Cough and Cold season is here again. There are many questions about which medication is the best to treat cold symptoms. Unfortunately we have no cure for a stuffy head, runny nose, cough, and sore throat, but there are ways to treat these symptoms.

For children under six, it is best not to use traditional cold medications. They don’t work well, and often cause more unwanted side effects than benefit. Tylenol or Advil should be used to treat fever and help with discomfort.

Administer plenty of fluids to help loosen congestion. Saline nasal sprays and drops can be used to loosen mucus as well as gentle suctioning. A vaporizer in the child’s room can make breathing easier, but remember to change the water daily to avoid the growth of moulds and bacteria. Turn down the heat in the house. Warm dry air can be more difficult to breathe and cause irritation. Opening a window in the child’s room is also helpful. A teaspoon of honey can help settle a cough at night time, but don’t give to children less than one year of age (they don’t have the proper gut flora to protect against possible botulism). Topical rubs such as Vicks vapor rub contain menthol, camphor and eucalyptus. They can provide a feeling of being able to breathe easier, but they should be applied sparingly and under a shirt to avoid contact with eyes and mouth. Camphor should not be used in children under two as there are concerns about absorption and liver damage.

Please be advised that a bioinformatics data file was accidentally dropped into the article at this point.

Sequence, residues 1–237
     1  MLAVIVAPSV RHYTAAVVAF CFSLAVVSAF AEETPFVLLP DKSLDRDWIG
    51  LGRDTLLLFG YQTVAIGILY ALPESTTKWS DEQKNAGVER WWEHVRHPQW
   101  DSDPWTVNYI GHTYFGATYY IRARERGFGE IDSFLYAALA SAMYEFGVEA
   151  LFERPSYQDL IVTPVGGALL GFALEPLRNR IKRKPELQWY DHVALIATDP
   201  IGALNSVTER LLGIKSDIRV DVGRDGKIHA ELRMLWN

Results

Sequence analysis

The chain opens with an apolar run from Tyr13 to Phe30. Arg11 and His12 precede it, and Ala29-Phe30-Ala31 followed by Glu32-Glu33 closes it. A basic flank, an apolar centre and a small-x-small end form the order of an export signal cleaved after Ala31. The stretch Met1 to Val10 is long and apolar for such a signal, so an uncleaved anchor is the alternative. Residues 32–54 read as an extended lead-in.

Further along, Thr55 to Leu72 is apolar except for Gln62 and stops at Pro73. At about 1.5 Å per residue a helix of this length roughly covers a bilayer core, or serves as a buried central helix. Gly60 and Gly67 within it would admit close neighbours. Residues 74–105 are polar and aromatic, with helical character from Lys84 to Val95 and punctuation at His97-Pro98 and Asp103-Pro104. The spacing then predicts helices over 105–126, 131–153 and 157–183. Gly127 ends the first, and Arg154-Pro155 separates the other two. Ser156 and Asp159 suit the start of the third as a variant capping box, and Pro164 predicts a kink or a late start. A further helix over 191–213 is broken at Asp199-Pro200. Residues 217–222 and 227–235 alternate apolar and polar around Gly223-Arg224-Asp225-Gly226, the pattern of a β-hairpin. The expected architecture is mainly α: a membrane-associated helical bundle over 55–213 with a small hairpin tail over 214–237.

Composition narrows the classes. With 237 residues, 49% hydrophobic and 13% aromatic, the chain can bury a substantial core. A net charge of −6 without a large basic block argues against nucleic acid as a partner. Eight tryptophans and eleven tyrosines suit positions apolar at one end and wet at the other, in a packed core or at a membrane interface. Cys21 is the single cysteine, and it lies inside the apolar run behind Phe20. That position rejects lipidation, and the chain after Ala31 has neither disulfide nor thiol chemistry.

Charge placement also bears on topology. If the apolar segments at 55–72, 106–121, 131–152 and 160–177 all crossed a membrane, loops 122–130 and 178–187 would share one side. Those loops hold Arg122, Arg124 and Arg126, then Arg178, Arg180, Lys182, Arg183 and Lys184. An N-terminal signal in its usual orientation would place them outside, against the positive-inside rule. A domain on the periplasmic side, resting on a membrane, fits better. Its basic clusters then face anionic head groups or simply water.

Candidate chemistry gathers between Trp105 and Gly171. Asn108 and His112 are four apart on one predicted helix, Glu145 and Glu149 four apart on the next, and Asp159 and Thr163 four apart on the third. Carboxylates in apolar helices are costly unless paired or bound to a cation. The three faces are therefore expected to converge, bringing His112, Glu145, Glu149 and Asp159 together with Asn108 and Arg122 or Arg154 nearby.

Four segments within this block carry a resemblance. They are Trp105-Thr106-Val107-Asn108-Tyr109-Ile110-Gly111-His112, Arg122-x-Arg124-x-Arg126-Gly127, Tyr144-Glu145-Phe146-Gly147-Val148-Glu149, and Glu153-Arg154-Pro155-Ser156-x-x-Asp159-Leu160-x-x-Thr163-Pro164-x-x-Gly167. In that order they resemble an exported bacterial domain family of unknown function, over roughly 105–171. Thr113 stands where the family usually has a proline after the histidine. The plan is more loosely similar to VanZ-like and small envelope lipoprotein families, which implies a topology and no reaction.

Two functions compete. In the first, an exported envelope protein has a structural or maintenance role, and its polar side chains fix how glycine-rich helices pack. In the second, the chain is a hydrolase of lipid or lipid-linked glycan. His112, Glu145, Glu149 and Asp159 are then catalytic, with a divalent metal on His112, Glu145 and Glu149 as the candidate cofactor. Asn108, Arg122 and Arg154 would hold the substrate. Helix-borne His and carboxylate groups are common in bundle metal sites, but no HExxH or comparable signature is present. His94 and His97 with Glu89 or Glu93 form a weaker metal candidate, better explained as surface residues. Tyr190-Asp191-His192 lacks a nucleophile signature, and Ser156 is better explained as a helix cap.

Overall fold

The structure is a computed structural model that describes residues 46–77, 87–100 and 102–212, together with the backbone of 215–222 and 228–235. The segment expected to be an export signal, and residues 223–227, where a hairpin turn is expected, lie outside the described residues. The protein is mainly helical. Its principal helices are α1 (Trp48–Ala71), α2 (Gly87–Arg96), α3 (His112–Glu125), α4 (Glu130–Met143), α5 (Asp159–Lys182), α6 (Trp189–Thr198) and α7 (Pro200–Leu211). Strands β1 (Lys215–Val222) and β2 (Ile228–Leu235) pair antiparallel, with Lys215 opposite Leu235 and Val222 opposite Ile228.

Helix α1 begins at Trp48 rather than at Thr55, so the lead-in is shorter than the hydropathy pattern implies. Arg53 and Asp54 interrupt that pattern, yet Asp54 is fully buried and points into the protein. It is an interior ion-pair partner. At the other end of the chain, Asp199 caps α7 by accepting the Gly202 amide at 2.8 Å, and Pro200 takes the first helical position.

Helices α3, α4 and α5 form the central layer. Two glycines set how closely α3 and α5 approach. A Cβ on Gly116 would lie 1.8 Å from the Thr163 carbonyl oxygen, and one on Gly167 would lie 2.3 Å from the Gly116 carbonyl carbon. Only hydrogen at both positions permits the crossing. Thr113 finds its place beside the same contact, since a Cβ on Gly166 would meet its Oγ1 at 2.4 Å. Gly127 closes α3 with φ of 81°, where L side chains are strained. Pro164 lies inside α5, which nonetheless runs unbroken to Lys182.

For adults there are many products to choose from. Again, side effects caused by the medication can be worse than the cold. All of the non-medicinal suggestions used for kids can also be effective for adults. Decongestants like pseudoephedrine, are generally not recommended for patients with high blood pressure. There is a product called Coricidin that does help with congestion and is safe for people with high blood pressure.